Lots of things. If you just compare the list price of tuition and fees and immediate average salary, you get this, for UVA.
Obviously this excludes the non-pecuniary benefits of 4 years of college fun and the lifetime benefits of knowing stuff, as well as career income. External benefits from a better educated population are also ignored. On the cost side it excludes the opportunity cost of 4 years of foregone income, and it does not account for scholarships – which probably go to the people who end up in higher paying majors.
The chart is from Bloomberg, the data is from CollegeMeasures.org, which will apparently will eventually produce similar data for the University of Oregon. I hope they start adding better controls – obviously this figure tells us nothing about the value added by college major, even if we restrict the dependent variable to initial income. Work like this should be taken with a block of salt.
Thanks to Ryan Frank for the tweet. 12/24/12.
As you point out, a stupid chart.
UVA’s Bio students are cramming for med school. Most get in, and yes, 18 months later they have an income of zero. Not exactly a tragedy for them!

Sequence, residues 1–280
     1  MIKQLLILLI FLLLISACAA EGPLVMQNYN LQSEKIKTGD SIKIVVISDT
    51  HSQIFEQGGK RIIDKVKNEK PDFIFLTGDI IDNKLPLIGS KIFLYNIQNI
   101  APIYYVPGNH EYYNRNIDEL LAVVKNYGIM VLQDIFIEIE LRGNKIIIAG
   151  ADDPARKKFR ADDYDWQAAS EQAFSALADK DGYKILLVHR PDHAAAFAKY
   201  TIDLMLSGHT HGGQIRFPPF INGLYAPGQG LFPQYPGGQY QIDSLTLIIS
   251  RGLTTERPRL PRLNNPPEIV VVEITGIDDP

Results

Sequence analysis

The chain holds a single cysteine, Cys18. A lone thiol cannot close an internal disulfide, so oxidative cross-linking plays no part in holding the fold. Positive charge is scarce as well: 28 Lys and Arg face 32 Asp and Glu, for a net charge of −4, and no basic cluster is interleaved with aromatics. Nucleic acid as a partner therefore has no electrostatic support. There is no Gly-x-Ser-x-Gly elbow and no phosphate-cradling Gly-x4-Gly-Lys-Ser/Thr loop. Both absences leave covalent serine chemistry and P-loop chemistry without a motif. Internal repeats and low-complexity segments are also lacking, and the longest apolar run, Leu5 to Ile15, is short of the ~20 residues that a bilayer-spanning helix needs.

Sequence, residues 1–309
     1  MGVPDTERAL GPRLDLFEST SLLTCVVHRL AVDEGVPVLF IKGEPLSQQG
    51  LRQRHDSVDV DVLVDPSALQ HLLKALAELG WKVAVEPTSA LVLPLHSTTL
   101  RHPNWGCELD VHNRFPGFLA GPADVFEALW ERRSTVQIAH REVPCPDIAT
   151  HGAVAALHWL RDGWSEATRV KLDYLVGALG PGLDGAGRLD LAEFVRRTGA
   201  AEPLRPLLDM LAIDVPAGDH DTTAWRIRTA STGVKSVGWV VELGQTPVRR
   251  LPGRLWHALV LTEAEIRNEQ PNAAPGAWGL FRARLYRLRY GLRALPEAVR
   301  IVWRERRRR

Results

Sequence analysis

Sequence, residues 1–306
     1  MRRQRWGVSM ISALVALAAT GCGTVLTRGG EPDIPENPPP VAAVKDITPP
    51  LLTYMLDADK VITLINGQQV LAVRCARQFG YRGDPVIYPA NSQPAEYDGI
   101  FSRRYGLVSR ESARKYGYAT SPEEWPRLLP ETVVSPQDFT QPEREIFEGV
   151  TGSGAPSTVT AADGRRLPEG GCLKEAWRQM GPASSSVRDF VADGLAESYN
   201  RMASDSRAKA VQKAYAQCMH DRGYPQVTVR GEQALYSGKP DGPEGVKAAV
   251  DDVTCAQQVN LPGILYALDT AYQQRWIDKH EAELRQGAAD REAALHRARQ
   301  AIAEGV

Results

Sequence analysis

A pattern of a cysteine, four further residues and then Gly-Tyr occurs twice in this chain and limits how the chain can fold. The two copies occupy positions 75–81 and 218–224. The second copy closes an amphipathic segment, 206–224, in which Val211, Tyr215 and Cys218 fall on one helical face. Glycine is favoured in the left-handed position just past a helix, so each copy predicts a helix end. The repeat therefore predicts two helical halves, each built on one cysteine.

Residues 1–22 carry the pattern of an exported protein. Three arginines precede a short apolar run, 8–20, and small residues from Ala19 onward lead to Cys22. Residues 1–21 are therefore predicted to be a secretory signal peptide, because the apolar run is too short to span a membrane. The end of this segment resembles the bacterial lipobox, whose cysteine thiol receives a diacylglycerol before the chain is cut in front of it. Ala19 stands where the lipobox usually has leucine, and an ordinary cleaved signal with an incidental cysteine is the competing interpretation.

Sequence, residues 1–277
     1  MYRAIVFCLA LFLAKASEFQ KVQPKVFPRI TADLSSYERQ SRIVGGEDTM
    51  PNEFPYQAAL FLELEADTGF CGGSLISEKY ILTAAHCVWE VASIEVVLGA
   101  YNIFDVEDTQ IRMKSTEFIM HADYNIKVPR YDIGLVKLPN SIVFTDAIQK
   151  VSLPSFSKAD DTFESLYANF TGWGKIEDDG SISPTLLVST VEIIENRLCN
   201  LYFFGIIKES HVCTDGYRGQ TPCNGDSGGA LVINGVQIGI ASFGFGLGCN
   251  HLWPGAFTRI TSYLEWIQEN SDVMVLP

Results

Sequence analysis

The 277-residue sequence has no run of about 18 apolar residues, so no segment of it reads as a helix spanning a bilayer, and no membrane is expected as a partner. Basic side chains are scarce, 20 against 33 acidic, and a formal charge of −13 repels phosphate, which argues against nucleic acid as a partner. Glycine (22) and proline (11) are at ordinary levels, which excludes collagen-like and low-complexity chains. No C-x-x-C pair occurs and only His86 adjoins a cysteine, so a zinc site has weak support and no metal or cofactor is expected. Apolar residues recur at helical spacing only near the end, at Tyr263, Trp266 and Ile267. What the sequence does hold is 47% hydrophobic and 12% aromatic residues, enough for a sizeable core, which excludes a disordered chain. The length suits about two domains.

I don’t think this accurately reflects the reality on the ground at the U of O. For example, I don’t think the top of the chart would be so loaded with Engineering disciplines here.
I have always thought that “income” measures per major field
are crap. What I would like to see, and data is not actually
available for this, is the percentage of various majors that
actually get a job within their major field as their first job after
graduation. That’s a measure of how well our current majors curriculum is preparing them for the real world. Yes, I know, the UO instills
critical thinking, we are not a Vocational Tech …
That said, income is a predictor of many things one might care about… health, the health of one’s children, the education of one’s children, age at death, the age one’s children die at, charity, public participation, etc.